The last time I wrote about Whole Foods CEO John Mackey, I was highly critical of his ill-advised posts to an investor chatboard, under the assumed name "rahodeb," that talked up Whole Foods' prospects and trashed Wild Oats, a competitor that Whole Foods would later attempt to take over (leading to questions of whether Mackey had deliberately tried to drive down the stock price of Wild Oats in advance of the take over). Mackey at first dismissed the controversy, then was pushed reluctantly into apologizing, while Whole Foods had launched an investigation into the matter and shut down Mackey's blog.
Two years later, Mackey is still CEO of Whole Foods. And he was back in the news, controversial in an entirely new way that has raised my respect for the man immensely.
In August, Mackey wrote a thoughtful op-ed in the Wall Street Journal "The Whole Foods Alternative to ObamaCare," that I rate as the most intelligent and cogent proposal yet offered on reforming health-care in America. Mackey's plan focused on meaningful reforms to cut costs, which would enable coverage to be extended to the uninsured without added to the exploding national debt or expanding government bureaucracy.
The reaction from the left was swift and stunning. Progressives felt betrayed by a company that serves a customer base that undoubtedly leans toward the progressive (i.e, liberal) side of the political spectrum. How could Mackey speak out against health care reform as they have defined it?
As ABC News put it: "Many say Mackey was out of line to opine against the liberal base that has made his fortune possible."
The Whole Foods Boycott was launched on Facebook within days with this rationale: "Whole Foods has built its brand with the dollars of deceived progressives. Let them know your money will no longer go to support Whole Foods' anti-union, anti-health insurance reform, right-wing activities."
Pretty strong stuff. What ever happened to freedom of speech and the idea that truth emerges from the vigorous debate of opposing points of view in the marketplace of ideas?
From a brand-management stand-point, Mackey's high-profile opinions seem ill-advised. When a brand is closely connected to a lifestyle that tends to be synonymous with a certain world view, espousing an alternative world view can be expected to rile customers and damage the brand. It isn't likely that conservatives will adopt Whole Foods as their grocery of choice, adopting an organic lifestyle in sympathy for Mackey's views on health care -- although according to the Christian Science Monitor, some are doing just that: "Conservatives have rallied to Mackey’s side, and members of the Nationwide Tea Party Coalition are being urged to flood the parking lots and aisles of their local Whole Foods store and stage a 'buycott.'" I don't expect this counter-reaction to have much staying power.
Wholeboycott.com claims it registered 23,000 supporters in the week after the boycott was announced, and that Whole Foods' brand favorablility had taken a 10-point hit.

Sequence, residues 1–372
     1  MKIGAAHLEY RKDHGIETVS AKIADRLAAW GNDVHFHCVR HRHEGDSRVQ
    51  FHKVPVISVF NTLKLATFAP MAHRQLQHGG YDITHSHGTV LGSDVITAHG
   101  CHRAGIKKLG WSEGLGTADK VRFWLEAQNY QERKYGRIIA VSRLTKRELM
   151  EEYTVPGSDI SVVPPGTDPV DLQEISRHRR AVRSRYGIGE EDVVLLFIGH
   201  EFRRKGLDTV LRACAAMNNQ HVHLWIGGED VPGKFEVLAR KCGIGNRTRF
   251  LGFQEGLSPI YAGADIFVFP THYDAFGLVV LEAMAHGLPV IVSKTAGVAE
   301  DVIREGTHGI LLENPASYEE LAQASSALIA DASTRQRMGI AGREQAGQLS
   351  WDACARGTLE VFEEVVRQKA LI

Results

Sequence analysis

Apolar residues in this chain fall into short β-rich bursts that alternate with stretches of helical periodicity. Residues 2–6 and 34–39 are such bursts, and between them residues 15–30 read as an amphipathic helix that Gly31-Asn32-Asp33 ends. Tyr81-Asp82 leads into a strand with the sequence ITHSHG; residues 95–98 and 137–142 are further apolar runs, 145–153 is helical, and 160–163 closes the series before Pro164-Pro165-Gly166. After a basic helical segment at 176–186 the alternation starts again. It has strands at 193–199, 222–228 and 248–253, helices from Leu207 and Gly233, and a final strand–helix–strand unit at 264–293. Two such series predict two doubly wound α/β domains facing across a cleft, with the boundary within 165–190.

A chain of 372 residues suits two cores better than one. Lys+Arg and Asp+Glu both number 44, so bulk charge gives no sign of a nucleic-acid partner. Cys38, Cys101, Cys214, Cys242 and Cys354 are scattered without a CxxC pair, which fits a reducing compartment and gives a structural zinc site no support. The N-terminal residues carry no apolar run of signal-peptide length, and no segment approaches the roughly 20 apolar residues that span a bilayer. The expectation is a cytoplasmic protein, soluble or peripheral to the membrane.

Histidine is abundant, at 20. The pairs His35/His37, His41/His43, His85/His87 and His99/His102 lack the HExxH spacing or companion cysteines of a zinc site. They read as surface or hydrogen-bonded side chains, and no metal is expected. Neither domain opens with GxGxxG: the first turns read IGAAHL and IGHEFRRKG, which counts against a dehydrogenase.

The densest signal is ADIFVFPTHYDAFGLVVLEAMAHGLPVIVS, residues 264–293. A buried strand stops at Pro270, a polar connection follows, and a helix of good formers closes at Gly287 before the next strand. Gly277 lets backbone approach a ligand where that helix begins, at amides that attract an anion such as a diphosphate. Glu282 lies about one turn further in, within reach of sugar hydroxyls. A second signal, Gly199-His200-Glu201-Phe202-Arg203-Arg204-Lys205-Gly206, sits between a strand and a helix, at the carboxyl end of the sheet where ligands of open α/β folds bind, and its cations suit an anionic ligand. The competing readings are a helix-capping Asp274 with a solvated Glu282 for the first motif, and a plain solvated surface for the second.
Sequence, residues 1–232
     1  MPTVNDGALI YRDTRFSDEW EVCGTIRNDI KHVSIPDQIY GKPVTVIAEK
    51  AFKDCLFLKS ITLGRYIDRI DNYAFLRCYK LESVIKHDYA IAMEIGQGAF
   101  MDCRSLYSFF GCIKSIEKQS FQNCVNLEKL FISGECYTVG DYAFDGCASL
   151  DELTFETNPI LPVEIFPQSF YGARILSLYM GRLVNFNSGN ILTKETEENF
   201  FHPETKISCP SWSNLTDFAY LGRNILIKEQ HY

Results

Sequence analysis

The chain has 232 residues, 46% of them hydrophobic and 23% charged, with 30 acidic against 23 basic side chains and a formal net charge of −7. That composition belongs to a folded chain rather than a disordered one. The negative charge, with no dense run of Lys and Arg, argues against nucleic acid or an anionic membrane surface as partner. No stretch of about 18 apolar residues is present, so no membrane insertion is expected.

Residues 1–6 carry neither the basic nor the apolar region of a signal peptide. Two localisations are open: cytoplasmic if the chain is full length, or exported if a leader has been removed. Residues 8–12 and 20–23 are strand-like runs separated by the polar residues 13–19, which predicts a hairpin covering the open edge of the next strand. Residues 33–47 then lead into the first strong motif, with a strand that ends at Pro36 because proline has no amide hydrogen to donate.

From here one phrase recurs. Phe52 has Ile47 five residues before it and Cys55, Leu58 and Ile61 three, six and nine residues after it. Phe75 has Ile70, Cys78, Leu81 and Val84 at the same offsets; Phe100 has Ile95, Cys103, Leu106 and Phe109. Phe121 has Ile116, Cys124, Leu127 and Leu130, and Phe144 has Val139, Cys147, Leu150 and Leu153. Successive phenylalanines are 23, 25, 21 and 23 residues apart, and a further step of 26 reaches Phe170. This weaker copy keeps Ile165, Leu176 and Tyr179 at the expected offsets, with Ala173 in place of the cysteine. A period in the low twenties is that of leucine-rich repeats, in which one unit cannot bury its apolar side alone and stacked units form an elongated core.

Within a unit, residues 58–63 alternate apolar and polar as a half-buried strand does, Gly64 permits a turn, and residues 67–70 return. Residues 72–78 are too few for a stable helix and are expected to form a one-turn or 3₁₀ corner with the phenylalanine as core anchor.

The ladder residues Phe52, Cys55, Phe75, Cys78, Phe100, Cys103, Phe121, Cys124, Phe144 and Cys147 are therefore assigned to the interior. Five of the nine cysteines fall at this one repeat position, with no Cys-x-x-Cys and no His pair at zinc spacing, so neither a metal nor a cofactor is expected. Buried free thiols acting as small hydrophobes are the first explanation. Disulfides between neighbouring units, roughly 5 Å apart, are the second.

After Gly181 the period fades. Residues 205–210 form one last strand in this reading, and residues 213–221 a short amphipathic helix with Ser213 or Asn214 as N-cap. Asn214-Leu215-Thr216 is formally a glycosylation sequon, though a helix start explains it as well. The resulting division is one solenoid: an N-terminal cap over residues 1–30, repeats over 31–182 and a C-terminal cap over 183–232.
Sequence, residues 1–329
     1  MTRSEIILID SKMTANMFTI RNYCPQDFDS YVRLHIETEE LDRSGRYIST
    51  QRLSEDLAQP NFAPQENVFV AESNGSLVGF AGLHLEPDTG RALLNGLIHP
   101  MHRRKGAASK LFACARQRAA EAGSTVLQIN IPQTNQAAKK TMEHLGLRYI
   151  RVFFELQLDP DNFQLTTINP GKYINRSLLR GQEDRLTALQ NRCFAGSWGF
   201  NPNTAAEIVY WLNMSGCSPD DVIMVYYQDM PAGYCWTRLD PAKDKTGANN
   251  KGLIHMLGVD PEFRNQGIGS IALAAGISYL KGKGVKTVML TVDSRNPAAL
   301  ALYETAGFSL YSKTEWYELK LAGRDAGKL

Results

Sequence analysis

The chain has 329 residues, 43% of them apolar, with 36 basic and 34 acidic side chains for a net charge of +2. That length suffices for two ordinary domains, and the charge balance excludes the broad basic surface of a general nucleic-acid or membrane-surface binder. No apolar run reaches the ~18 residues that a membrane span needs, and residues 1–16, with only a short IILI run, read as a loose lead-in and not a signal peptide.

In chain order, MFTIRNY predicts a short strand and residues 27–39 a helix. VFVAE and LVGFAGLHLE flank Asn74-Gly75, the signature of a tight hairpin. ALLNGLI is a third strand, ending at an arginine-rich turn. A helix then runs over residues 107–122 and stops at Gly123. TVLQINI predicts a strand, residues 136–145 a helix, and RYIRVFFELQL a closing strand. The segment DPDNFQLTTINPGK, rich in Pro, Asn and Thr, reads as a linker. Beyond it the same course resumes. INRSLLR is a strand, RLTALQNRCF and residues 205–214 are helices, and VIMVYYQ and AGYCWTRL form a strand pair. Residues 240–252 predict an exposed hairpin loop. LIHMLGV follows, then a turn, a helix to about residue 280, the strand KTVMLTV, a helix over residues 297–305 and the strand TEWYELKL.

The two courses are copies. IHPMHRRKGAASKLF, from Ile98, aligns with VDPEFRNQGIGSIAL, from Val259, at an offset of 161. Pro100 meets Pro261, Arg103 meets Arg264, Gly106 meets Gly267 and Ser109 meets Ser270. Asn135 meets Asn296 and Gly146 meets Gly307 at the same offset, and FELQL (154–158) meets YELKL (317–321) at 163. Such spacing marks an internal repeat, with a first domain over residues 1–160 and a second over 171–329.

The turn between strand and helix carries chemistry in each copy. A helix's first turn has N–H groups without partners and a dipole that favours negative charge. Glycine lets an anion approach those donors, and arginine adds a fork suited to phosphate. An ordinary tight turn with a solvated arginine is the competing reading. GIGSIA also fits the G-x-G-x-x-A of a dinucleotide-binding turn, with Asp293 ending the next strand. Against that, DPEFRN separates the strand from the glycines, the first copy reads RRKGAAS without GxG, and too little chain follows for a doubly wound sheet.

Mackey surely knew that his op-ed wouldn't sit well with progressives. Apparently he chose to voice his convictions on a politicized issue because he genuinely wanted to advance the debate and despite the ramifications. As an individual thought-leader, his principled stand is admirable -- and wholly unexpected given his prior rahodeb wackiness. But as the most prominent member of management of a company catering to a liberal clientele, his outspokenness does not advance the value of the brand and his shareholder bosses may want to shorten his leash.
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The White House is making no effort to lower sky-high expectations for President Obama's speech on healthcare reform to a joint session of Congress Wednesday night. On the contrary, the speech is being billed as a critically important moment for Obama to take control of a debate (that has clearly gone off the tracks). It is classic Obama -- play to his undeniable strengths as an orator and use a highly visible speech to sort out a controversy. (Just as he responded to the ruckus over Reverend Wright last year during the campaign by delivering a forceful speech on race relations.)
The format is almost perfect -- Obama is at his best delivering a momentous speech, addressing Congress showcases the President as the true leader of the nation, television captures it all, and there is no Q&A time for journalists or town hall attendees to ask difficult questions. Almost perfect, but not quite. Obama' won't be helped in his critical tak of winning over the hearts and minds of middle-of-the-road moderate America by the backdrop behind him: VP Joe Biden and Speaker of the House Nancy Pelosi cheering him on. Biden is at best neutral but Pelosi is a powerfully negative personality to much of America, with one of the lowest approval ratings among national politicians.